MIR Camera and Spectrometer
The combined MIR Camera and Spectrometer (MCS) has both photometric imaging and spectroscopic capabilities over the 5–38 μm wavelength range. The instrument is split into two channels, short (S) and long (L) wavelength, with two non-overlapping fields of view.
The wide field camera will cover the 5–25 μm (S) and 20–38 μm (L) wavebands with fields of view of 5' x 5'. A filter wheel will provide a selection of broad- and narrow-band filters with a resolution of R~5–10 and R~50 respectively. Three different spectroscopic modes are currently under consideration: high resolution mode (R ~ 20–30,000), covering 4–8 μm (S) and/or 12–18 μm (L), with a slit length/width of 3.5" x 0.72" and 6" x 1.2" respectively; medium resolution mode (R ~ 1– few thousand) covering 12.2–23.5 μm (S) and 23–38 μm (L) with a slit length/width of 12" x 1.2" and 12" x 2.5" respectively, and low resolution mode (R ~ 50–100) covering the 5–26 μm (S) and 20–38 μm (L) wavebands with slit length/width of 2.5' x 2.66" and x 1.4" respectively. The medium resolution spectrometer will have an integral field unit, and fields of view of up to 12" x 6"(S) and 12" x 7.5" (L) will be built up from individual (five for S, three for L) slices.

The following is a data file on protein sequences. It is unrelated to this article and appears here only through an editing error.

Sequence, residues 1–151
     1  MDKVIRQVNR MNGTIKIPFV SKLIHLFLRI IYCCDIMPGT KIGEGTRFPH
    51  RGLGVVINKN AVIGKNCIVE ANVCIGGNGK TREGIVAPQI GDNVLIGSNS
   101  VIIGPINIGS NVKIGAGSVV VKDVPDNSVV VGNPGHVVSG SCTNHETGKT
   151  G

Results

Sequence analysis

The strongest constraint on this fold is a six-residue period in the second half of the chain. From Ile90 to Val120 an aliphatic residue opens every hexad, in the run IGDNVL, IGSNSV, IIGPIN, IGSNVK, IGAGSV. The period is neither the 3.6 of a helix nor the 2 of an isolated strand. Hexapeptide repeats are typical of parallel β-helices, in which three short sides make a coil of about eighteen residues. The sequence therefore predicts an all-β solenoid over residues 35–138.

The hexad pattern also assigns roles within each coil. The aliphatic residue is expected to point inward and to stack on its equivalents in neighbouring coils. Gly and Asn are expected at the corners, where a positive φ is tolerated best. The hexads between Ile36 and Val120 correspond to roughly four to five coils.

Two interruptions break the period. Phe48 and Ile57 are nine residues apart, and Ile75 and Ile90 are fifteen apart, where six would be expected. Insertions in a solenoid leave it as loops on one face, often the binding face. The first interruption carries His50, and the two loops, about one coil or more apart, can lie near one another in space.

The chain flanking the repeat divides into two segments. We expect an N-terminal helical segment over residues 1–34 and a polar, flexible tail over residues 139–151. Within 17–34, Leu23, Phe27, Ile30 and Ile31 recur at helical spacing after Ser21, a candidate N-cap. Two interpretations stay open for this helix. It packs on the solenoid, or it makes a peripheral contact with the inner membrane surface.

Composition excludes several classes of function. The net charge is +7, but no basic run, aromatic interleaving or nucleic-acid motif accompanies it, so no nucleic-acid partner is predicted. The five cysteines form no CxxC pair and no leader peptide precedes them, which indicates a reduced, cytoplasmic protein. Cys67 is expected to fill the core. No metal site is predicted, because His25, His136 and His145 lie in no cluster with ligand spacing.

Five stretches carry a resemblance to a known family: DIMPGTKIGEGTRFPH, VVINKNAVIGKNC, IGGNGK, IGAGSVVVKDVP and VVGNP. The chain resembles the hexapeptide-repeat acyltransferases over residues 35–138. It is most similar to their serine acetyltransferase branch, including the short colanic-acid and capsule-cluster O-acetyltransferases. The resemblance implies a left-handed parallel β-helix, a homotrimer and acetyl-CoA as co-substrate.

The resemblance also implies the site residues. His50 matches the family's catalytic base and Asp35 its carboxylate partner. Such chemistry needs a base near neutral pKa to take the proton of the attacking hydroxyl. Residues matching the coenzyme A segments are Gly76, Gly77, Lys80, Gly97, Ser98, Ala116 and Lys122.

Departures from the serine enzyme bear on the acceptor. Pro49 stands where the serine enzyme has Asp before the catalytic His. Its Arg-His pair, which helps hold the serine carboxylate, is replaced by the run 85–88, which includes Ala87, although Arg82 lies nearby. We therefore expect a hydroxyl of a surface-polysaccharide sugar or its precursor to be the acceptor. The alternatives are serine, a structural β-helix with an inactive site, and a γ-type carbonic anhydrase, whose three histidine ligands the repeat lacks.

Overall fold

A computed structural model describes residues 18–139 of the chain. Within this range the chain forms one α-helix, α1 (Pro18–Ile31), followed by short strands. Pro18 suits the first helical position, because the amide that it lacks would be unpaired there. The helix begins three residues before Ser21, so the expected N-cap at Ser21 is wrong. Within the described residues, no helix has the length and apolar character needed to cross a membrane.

Si:As detectors will be used for the all short-wave channels and Si:Sb for the long-wave channels, with the exception of the high-resolution long-wave channel where Si:As will also be employed.
The Focal Plane Camera will operate at the 0.7 μm waveband, and will be used for fine guidance. The instrument, provided by Korea through the Korea Astronomy and Space Institute (KASI), will have two channels for redundancy, one of which is proposed for scientific use at the 0.7–5 μm waveband. The instrument field of view will cover 5' x 5', with wideband filters (R ~ 5) and a linear variable filter (R ~ 20) providing photometric imaging and low-resolution spectroscopic imaging respectively.
The US community is proposing a far-infrared/submillimetre spectrometer, which is more sensitive than SAFARI but has no imaging capability, and hence can be complementary with SAFARI.
The SPICA focal plane instrument suite is the subject of an on-going scientific and engineering review (2011), the result of which will be a decision on the final complement of instruments to be flown on SPICA.